As a retailer – I like to use the word “merchant” to signify someone who loves merchandise and loves customers – few places are as stimulating as the world’s food markets. 
 
Drop in on the Reading Terminal Market in Philly; the Candy Market in Morelia, Mexico; the entire old city of Fes, Morocco, which is one big marketplace, much of it food; the markets of Bangkok, Budapest, and Provence in Southern France.   Not only will you find the freshest and most interesting foods, you will see true merchandising at work. People who love their products and share that love with their customers. 
 
I have long said that the fundamental “secret” of Whole Foods Market, a company which I have followed since the opening of their second store, and where I once served on the Board of Directors, is no secret. The people who work at Whole Foods Market – from top to bottom – love every piece of chocolate and cheese, every olive and every sprout, and that love shows in their stores, their displays, and their attitude toward their customers and their fellow workers.
 
These thoughts apply to every type of merchandise, but food is the best place to start because it is so fundamental and so pervasive. Even the least entrepreneurial places on earth usually have people selling fruits, vegetables, tacos, or noodles to their neighbors or to strangers. Even Popsicles. And of course the smells and colors of food markets can be intense, even exotic.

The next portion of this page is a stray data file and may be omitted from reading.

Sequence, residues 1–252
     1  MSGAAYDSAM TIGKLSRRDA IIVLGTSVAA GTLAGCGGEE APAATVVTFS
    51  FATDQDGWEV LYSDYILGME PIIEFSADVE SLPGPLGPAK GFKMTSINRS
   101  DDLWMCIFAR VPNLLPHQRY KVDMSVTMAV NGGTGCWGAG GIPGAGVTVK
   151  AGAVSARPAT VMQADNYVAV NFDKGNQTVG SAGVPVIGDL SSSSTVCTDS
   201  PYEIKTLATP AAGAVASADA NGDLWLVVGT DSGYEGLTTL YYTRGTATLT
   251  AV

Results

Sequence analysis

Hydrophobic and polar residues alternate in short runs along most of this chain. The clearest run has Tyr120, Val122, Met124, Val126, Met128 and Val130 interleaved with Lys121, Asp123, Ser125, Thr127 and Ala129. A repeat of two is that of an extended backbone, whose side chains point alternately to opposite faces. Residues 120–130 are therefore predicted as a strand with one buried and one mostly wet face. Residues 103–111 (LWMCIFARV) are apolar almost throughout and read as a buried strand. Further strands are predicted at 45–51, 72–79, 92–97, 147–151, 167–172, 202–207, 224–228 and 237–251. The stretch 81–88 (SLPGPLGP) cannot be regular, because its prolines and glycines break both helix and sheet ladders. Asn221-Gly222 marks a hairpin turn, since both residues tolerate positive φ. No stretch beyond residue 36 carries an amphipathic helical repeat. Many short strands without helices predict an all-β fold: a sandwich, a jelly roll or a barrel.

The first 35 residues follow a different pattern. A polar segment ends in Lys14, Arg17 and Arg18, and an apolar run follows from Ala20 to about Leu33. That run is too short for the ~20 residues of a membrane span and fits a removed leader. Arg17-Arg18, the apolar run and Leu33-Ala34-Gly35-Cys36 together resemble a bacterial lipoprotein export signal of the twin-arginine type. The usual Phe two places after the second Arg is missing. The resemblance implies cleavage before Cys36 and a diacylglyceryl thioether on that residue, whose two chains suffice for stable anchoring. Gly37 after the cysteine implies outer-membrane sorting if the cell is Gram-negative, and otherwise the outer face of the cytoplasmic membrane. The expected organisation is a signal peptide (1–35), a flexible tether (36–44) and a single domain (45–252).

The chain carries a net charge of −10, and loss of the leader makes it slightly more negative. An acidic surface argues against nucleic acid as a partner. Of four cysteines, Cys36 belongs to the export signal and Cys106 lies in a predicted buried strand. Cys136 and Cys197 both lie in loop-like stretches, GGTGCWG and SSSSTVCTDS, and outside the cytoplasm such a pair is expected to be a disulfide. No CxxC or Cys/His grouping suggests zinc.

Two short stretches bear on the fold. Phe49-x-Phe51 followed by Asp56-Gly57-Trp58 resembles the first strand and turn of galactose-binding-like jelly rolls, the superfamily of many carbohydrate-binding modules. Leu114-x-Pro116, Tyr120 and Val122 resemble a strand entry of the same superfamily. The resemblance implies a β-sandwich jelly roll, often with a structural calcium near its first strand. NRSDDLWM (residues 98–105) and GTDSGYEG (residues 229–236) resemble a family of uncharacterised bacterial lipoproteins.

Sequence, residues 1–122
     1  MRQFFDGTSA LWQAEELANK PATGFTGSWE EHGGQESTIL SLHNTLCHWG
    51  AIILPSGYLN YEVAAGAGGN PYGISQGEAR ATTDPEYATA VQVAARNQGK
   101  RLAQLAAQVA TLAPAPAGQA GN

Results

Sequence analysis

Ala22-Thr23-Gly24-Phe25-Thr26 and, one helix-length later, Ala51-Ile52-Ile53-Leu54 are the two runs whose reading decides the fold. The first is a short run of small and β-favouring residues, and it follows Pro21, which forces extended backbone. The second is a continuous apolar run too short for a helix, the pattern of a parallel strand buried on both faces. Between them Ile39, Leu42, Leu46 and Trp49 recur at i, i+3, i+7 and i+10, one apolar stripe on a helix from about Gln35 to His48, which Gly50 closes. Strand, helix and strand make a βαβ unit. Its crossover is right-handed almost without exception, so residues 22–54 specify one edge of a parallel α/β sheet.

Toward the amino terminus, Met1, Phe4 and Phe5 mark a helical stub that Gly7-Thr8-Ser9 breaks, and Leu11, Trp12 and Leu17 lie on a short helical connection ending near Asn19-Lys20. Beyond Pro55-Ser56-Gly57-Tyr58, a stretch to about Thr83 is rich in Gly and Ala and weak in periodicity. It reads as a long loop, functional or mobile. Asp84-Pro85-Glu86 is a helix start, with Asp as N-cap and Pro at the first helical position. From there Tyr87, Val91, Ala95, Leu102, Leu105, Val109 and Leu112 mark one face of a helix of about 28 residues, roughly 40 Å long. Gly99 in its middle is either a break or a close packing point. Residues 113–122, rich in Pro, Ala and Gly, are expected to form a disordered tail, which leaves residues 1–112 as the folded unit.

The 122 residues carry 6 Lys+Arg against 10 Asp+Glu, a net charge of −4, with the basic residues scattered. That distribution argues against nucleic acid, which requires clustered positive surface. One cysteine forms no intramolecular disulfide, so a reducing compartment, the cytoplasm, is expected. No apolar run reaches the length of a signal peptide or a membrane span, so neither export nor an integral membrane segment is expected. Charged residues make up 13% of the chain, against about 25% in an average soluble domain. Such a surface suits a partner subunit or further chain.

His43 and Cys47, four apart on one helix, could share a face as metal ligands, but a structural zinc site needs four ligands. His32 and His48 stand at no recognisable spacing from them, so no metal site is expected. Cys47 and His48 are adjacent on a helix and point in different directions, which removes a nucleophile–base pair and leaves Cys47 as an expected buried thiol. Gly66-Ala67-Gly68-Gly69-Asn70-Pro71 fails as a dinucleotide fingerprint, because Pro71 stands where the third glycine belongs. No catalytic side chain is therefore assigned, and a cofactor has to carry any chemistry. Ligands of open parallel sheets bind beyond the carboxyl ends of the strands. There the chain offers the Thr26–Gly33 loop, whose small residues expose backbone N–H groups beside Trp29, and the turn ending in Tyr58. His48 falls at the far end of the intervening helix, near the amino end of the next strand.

Despite the role of food markets as sources of education, inspiration, and even nourishment, there are few if any books about them. One book I found, Food Markets of the World, by Nelli Sheffer and Mimi Sheraton (1997, Harry N. Abrams Publisher) is a wonderful book, but even it is out of print. Luckily, you can still find used or older copies of this beautiful, global, full-color tour of the world’s great food markets.  Just flipping through the pages is an education and inspiration. Every food lover, every marketer, really every curious person should find some joy in its pages.

   

    

1 COMMENT

  1. Hey Gary,

    I just got back from Spain and we traveled to Barcelona where they have a handful of markets, including the Mercat de la Boquería. I desperately wanted to go to this market because I’ve been told it is the best way to truly experience the local flavor of dishes a country has to offer as well as the culture. Unfortunately, I was injured running with the bulls in Pamplona and was bed ridden during most of my trip to Barcelona. There’s always next time.

    I’m a recent transplant from Austin to Minneapolis and I have been able to get out and explore the variety of foods offered up here. Also, being from Austin I know first hand about Whole Foods, although I think they are a little pricier than Central Market.

    Chris

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